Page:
I’ve posted about this pipe on G+ and Facebook recently, but thought it was worth a proper blog posting because it is a finish that raises a variety of issues.  This is a pipe finish that I’ve been working on for a while, which I’ve informally been referring to as bleached bone – It isn’t a stain, but rather a leeching of color from the outer wood to leave it as pale as possible.  It’s a complex process and takes about a week to pull off, so it isn’t something that’s going to turn up on our less expensive pipes, but at this point I am prone to not use it on any of our pipes…  at least not in this current look.  Whitening the wood has some excellent applications that I’ll get into, but there are a lot of potential problems with this from a brand owner’s perspective as well. 

When I posted these pics initially, the comments were split in two – Collectors all said to leave it white so it could color with use, and other pipemakers all said they’d stain it because white pipes just didn’t age well.  That’s my main concern here.  It looks nice in the photos – Very nice, in fact – but it isn’t quite so ideal in person.  The white varies in tone, fading between bone and a very pale tan.  While this look is great for a pipe colored to mimic actual bone (And I intend to use this on some Halloween designs in the future), I’m less sold on the aesthetics on a “normal” pipe.  The bigger problem is in how it would color over time.  Collectors seem to look at it and see meerschaum or normal unstained briar – That is, something that will darken evenly and beautifully.  I look at it and see a mess 2-4 years down the road.  The thing about ordinary unstained briar is that it colors with smoking but also with handling, from the sweat and oil of our fingertips.  This pipe would work the same, but normal briar starts from a brown-ish color and just gets darker.  This, unfortunately, would more likely start out white and go pinkish, with dark brown stains along the outer edges from handling.  Couple that with rim scorching, random color picked up from sources smokers would normally never even think about (Your brown pipe might pick up faint touches of red from the color of your shirt pocket interior, but you’d never know it.  Here, ANY little color streak will stand out vividly), and I’m not sure I’d want someone showing this to someone else at an expo as an example of my work.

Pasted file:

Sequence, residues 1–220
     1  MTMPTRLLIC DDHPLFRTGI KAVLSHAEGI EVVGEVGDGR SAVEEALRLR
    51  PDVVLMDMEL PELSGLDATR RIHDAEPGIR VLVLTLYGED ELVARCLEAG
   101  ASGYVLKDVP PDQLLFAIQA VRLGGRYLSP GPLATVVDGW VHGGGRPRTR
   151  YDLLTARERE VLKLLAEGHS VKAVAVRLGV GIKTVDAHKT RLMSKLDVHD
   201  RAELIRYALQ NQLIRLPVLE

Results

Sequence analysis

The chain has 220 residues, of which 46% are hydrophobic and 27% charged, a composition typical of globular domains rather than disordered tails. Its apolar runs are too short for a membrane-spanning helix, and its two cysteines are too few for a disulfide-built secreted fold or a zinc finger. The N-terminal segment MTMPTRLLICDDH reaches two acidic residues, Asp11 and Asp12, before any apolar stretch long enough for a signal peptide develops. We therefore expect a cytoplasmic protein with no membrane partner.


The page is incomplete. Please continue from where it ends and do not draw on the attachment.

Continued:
This is one of those issues you have to consider when you have your name on something.  Not just, “Does it look good enough to sell today?”, but, “Is it still going to look and perform well 5-10 years down the road?”  The problem here is that I can’t really even do anything to protect it.  Waxes and shellacs carry their own color tint and even the lightest mist-over of natural finish would tint the whole thing yellow.  I joked on G+ that I should just encase the exterior in acrylic, but unfortunately that’s about the only way to keep this surface looking good.  I’ll probably put some serious time this year into experiments with different finishes to see if I can find something that could offer some color-neutral protection, but for now it just makes me nervous.